Everyone in the entertainment business loves Netflix. It throws money around like it’s water and provides lots of work for lots of teams.

I, however, canceled my subscription about four months ago.

I find the programming too cookie-cutter for my liking. It seemed like every new show followed the same pattern with different-looking characters. I was bored. Even more importantly, my kids had also stopped using it.

I can accept that I may not be part of the demographic Netflix is going after, but my daughters are a different story. They’re also not interested in the kinds of shows Netflix is making. When they were younger, they complained that Netflix’s kids’ programming was awful.

The company has been a darling of tech investors for the last decade. After all, most of us can remember when it used to mail out DVDs. To go from such humble beginnings to disrupting tech is a truly impressive feat.

The share’s performance over the last decade has been nothing short of astounding. The big question is, have we seen the best of the gains?

Netflix has grown about as big as it can in the U.S. market. It’s safe to say everyone who wants a subscription already has one. The only way it can justify its valuation is if it continues to expand overseas.

The biggest market the company is trying to break into is India. 4G internet is new there. Netflix wants to make sure it provides India’s first streaming experience. The problem is YouTube is free, and creating dedicated programming is expensive. Success is also about long-term growth rather than a swift payout.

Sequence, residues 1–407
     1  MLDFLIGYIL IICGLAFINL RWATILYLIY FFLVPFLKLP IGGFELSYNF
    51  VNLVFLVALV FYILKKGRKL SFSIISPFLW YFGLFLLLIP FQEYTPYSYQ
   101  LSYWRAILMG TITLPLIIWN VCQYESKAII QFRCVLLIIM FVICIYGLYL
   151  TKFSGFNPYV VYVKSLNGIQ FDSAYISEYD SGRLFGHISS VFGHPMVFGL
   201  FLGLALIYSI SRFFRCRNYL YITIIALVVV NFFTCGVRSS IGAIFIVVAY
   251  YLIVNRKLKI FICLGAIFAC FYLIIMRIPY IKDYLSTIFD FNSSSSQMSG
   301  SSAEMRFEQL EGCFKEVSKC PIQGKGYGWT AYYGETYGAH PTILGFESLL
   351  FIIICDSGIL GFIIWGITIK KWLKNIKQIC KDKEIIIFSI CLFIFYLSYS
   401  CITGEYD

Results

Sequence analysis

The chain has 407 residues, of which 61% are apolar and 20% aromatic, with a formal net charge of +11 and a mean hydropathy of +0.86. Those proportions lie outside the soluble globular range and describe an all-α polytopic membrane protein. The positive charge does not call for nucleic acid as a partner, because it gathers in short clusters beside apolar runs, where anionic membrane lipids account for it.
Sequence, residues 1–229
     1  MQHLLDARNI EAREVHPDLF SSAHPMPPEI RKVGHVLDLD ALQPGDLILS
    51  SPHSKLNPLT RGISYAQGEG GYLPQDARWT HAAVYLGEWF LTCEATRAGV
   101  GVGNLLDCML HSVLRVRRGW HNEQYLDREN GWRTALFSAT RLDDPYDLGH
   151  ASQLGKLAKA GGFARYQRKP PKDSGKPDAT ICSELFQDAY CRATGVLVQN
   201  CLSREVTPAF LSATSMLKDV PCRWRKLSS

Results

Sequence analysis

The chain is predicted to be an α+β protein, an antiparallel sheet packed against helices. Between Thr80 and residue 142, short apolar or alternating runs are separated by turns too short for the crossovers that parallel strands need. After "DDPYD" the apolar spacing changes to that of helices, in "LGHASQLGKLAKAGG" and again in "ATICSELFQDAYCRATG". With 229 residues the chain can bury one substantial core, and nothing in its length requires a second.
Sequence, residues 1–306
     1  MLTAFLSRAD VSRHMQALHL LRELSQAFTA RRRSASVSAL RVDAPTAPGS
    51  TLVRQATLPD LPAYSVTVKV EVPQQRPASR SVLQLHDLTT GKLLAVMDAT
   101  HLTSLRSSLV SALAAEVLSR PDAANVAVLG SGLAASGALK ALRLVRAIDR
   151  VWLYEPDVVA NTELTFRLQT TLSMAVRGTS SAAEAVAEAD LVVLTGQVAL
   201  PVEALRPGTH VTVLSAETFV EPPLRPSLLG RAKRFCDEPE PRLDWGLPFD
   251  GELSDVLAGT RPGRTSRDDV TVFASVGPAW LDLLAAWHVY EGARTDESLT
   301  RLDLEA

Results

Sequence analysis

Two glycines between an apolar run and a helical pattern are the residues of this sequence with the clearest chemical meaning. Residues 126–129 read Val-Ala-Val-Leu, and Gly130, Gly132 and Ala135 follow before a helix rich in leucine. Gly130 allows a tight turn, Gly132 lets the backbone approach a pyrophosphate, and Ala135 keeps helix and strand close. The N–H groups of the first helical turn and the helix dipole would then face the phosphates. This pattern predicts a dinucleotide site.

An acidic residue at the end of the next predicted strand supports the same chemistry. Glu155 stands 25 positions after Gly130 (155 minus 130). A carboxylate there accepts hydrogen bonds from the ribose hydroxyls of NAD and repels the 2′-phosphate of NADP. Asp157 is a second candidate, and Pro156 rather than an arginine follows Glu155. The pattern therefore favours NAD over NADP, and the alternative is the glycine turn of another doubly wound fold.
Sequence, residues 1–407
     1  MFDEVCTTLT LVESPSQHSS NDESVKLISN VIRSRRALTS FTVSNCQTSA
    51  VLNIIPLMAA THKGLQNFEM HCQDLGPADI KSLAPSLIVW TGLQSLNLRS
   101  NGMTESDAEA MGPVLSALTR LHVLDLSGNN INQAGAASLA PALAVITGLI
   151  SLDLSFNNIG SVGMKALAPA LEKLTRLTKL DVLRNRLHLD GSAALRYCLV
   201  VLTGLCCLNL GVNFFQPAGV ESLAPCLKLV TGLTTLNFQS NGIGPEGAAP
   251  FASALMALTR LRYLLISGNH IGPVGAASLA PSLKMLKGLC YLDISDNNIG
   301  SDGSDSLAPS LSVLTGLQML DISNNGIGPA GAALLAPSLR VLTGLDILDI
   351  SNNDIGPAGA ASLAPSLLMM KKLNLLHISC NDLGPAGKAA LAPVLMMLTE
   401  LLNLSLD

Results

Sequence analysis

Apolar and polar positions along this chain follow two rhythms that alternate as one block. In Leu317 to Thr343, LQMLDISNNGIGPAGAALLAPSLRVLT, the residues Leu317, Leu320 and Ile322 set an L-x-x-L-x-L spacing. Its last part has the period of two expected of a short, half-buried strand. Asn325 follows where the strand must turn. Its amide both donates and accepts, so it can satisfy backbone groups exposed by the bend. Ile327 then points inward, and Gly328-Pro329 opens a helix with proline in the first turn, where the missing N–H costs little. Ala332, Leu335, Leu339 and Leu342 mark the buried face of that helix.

At the same time, Netflix is facing a lot more competition at home. Disney+ is less than a year old but now represents the core of the Disney franchise. The company tinkered with pay-per-view for the recent Mulan movie. It didn’t work. Now Disney’s going all in on streaming. It’s only a matter of time before it folds Hulu (which it owns the majority of) into Disney+.

HBO Max and Amazon Prime are also serious competitors in the U.S. market. And there are other new services popping up all the time.

The communications sector spent much of the last decade unbundling everything. Many people are wondering when the re-bundling is going to happen. With so many streaming services, it’s reasonable to conclude not all will survive.

Netflix posted quarterly results yesterday. The company stated the bump from the pandemic will be difficult to repeat next year. I’ve been saying for a while that the pandemic is an accelerant. It pulled forward sales from the future into 2020. That suggests growth in the coming couple of years could come in well below expectations.

There’s a real chance Netflix’s stock (NFLX) has peaked. At a minimum, the exceptional growth of the last decade will moderate, and the share has no reason to rally like it used to.

This is a topic I’ve been considering for a while. The FAANMG (Facebook, Amazon, Apple, Netflix, Microsoft, and Google) shares have been the champions of the market for the last decade. It’s unlikely they’ll grow like that again in the decade to 2030.

There just aren’t enough people in the world to buy phones or computers or scroll through social media to make that happen. By the time we come out the other end of the pandemic, I believe we’ll see a significant rotation out of the mega-caps and into the real, physical world.

All the best,

Eoin Treacy